Re: Hmmmmm

Subject: Re: Hmmmmm
From: Kevin Busby (
Date: Mon May 24 1999 - 11:14:12 EDT

matt kober wrote (and I hope he will forgive me sampling it):

> The incident did cause me to wonder about some stuff though... like
>where does one draw the line?

Surely we have to take up the old refrain: "fair use". The questions I ask
myself are along the following lines:

(1) Is it still the same sound?
If a sound sampled off, say, CD, has been heavily manipulated, there can
come a point at which the sound has been so tranformed as to be
unrecognisable; or it may (with effort) be recognisable but nevertheless be
a "daughter" sound with a life of its own.
Feeding a composition through a wah-wah pedal doesn't count, IMO. ;-)

(2) Has the sample been recontextualised?
The context of a sound can radically affect the way in which it is heard.
Sampling is used to a great degree in popular music, without sound
transformation. Usually this is very unimaginative. But listen to what
bands such as Meat Beat Manifesto manage to do with samples from other
bands: untreated sounds are re-employed in the "orchestra" of the new piece
of music, rather than just being used to produce 5th-rate variations on the
original composition (cf. the inane copying of Kraftwerk's 'Computer World'
LP which characterised so much 80s techno).

(3) Has the sample been put to a radically different use?
The use of film samples, advertisement samples etc. is IMO generally valid,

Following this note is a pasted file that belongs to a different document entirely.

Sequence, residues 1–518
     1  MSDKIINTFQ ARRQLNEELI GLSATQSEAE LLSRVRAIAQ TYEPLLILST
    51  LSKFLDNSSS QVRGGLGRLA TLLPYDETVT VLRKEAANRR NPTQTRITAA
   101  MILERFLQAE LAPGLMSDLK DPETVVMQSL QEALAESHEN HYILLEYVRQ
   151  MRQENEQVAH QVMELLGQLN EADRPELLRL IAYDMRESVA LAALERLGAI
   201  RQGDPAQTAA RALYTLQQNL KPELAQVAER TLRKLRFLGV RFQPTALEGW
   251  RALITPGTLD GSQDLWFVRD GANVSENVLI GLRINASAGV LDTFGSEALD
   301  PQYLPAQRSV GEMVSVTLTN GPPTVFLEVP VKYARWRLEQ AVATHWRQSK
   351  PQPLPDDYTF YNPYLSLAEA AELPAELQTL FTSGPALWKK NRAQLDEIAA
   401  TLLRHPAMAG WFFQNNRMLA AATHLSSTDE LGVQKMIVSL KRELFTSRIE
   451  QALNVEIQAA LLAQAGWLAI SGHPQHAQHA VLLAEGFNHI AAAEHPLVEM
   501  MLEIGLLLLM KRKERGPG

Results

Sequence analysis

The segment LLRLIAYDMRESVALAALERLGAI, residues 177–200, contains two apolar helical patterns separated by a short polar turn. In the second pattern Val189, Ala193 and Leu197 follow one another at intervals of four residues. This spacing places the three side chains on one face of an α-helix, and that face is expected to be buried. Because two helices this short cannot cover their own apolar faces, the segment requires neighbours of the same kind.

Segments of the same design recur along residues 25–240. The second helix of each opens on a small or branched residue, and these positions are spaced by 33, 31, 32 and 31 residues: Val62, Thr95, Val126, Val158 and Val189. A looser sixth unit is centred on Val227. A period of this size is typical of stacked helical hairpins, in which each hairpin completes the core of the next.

because the original material is being reused in a different artform.
Similarly, I would not be happy to use an extract of any music which relied
upon sound creation/transformation, but (would) feel no guilt about using
sounds from cynical old C&W tunes - provided (see point 2) I'm not myself
trying to write a cynical C&W tune...

Apologies in advance for oversimplification or poor categorisation in the
above. I just wanted to illustrate off the top of my head my own take on a
"fair use" attitude to sampling in compositions. YMMV!

No amount of debate or legislation can "draw the line" with 100% accuracy,
because intangibles such as "fairness" and "art" are the real issues.
Sampling is just a technology which particularly highlights existing
issues. But let's not open the can of worms labelled "imitative synthesis".
Let alone the one labelled "resynthesis"! :-)

Kevin B.

Kevin Busby, Studio Manager, Department of Music, University of Birmingham,
Edgbaston, Birmingham, B15 2TT, England. Tel: +44-(0)121-414 5785.
Fax: +44-(0)121 414 5781. If your email to me bounces, please see No to GE crops.

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